Drill here? - July 1
Click on the headline (link) for the full text.
Many more articles are available through the Energy Bulletin homepage
The US Offshore Drilling Argument: The Debate Between "Starting Now" and "Waiting a While"
Gail Tverberg, The Oil Drum
Offshore drilling is again in the news, with many saying we shouldn't drill now. Drilling will take more than 10 years for most of the oil in question. I believe that we need to start the process now, partly because the expected impact of peak oil will make drilling in future years much more difficult, and partly because technical advances within the petroleum industry have helped overcome some previous objections to drilling.
Why We Should Start Now
If legislation is passed to permit drilling in areas which have previously been off limits, it will be at least 7 to 10 years before we can expect new production (Transcript 15:43). If new production is far from existing pipelines, as is often the case, new production is likely to be at least 10 years away. This long time period is required because of the many steps involved.
In this post, I will first tell you the reasons why I think we should start this long process now. After that, I will answer some of the objections I am aware of.
Necessary resources available
How much do we really have?
Better use of existing pipeline systems
Better energy return on investment (EROI)
Help cushion the downslope
Protect (very partially) against the loss of imports
These are my responses to some of the reasons I have seen for not drilling.
Spoil the view
Save it for our grandchildren
Nothing in it for the local economy
False promises by politicians
We need to increase auto mileage standards first
We need to learn to live without oil
Not enough oil to make a difference
Won't help prices
Drilling would damage the wilderness
Prevent global warming
(30 June 2008)
Gail puts the issues clearly. Agree with here or not, she performs a valuable service by presenting the pros and cons, in a way that reasonable discussion can follow. She points out in an email, "This is the unpopular side of the issue, from the point of view of most peak oil people." -BA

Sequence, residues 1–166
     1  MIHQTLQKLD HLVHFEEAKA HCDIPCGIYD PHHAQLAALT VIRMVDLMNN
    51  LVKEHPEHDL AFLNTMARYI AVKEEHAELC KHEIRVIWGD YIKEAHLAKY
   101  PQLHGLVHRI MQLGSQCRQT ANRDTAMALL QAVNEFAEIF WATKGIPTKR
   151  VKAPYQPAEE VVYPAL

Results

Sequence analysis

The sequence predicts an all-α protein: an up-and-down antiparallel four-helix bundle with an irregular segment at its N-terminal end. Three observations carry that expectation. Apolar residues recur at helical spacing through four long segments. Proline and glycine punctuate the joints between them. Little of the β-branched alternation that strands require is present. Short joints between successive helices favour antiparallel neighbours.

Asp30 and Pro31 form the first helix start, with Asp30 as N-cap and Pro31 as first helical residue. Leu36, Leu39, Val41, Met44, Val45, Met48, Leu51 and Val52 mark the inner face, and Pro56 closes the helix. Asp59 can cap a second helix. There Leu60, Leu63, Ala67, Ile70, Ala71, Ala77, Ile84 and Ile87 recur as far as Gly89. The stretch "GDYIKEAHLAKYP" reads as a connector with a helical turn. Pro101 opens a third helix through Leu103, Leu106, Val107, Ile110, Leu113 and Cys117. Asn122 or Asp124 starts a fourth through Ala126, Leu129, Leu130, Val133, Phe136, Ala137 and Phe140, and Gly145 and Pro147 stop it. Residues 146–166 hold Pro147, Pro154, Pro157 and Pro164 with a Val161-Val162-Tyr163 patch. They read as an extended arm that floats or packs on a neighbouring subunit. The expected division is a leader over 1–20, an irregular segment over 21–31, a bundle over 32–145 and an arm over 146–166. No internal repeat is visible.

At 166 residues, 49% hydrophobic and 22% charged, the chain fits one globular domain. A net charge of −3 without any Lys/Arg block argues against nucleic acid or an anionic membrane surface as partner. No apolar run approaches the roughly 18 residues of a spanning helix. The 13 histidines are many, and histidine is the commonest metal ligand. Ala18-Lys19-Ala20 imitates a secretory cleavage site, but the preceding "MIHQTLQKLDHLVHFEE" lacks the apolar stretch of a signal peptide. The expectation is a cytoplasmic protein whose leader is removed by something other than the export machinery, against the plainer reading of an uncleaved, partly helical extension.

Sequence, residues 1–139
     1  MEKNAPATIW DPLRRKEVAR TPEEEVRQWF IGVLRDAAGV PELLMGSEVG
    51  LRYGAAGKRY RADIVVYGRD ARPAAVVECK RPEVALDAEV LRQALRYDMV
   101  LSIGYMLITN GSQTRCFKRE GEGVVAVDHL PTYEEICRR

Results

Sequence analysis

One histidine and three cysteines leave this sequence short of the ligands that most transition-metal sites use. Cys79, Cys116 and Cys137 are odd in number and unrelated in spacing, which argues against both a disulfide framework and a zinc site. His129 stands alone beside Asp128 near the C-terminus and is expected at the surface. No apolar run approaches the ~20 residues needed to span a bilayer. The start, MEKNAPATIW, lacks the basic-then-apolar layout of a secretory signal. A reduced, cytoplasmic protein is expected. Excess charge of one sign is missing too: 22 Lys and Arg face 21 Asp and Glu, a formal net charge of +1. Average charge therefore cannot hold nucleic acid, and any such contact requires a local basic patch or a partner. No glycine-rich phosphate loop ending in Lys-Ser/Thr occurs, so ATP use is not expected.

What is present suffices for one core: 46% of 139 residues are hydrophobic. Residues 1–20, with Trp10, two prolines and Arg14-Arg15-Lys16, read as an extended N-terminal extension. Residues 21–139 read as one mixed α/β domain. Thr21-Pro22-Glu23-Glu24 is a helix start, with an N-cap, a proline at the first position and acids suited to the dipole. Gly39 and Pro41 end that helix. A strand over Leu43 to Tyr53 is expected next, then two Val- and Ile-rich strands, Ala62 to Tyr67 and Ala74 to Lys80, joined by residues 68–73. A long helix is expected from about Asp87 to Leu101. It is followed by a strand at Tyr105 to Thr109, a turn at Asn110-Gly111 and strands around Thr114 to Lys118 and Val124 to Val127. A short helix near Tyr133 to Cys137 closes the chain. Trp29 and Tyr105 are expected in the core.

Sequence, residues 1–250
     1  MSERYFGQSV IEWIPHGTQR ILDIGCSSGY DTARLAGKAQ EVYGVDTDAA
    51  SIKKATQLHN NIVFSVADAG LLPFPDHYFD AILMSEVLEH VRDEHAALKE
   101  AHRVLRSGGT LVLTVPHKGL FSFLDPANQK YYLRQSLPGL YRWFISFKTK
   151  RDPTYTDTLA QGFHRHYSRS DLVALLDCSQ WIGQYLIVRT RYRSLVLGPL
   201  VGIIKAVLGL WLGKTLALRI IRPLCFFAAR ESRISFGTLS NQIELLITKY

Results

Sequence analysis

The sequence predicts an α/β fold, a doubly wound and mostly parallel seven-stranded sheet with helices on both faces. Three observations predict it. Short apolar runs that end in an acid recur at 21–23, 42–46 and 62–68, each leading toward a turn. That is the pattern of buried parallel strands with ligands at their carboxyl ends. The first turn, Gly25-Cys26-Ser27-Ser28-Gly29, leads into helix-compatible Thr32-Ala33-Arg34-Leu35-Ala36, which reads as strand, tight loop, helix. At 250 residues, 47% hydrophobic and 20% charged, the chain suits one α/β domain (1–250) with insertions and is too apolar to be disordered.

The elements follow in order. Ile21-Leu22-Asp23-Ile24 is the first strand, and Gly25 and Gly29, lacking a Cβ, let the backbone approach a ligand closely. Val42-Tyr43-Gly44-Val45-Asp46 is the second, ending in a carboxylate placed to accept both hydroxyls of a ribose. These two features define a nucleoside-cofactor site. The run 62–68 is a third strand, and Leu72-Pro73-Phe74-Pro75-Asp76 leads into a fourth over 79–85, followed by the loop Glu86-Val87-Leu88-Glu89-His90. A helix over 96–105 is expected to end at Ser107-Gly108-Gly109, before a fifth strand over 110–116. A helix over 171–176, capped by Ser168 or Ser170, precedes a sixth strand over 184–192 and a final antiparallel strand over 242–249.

Three Points On ANWR
Ronald R. Cooke, The Cultural Economist
There has been much discussion - mostly acerbic, ignorant and deceptive - about drilling in the Arctic National Wildlife Refuge (ANWR). Without taking sides, I would like to point out three facts everyone is missing:
* In order to support America’s economy, we are going to need every barrel we can pump during our transition to other fuels (and life styles). The less oil we have, the higher the rate of inflation, the higher the rate of unemployment, and the worse our recession will be for all Americans. If you would like to understand why, then pick up a copy of my book “Oil, Jihad and Destiny”. It’s all there.
* Curtailing oil production will increase air pollution. America depends on oil to keep warm in winter. Heating oil, propane, and kerosene are cleaner burning than coal. If these fuels are unavailable, or unaffordable, then families are going to burn waste, wood and coal to stay warm - dirty or not. This - by the way - is already happening.
* Drilling in places like ANWR is just the tip of the iceberg (a pun). The USGS believes 25% of the world’s remaining oil is under Arctic ice (soon to be the Arctic sea). Russia and Canada are already sparring over rights to drill. If we are concerned about the environment, it should be understood the Russians have a miserable environmental record. If we do not claim it first, and they drill, it will be disastrous for the environment because they are just not going to care. The point is, liberal environmentalists are NOT going to stop exploration for oil in the Arctic. It’s just a matter of who does the drilling. If America doesn’t, then some other nation will get the oil - dirty or not.
It’s nice to be concerned about the caribou and a polar bear. But don’t you believe it is also important to be concerned about human welfare? Is there a way to inject a dose of reality into the ANWR debate?
(30 June 2008)
Help build resilience. DONATE NOW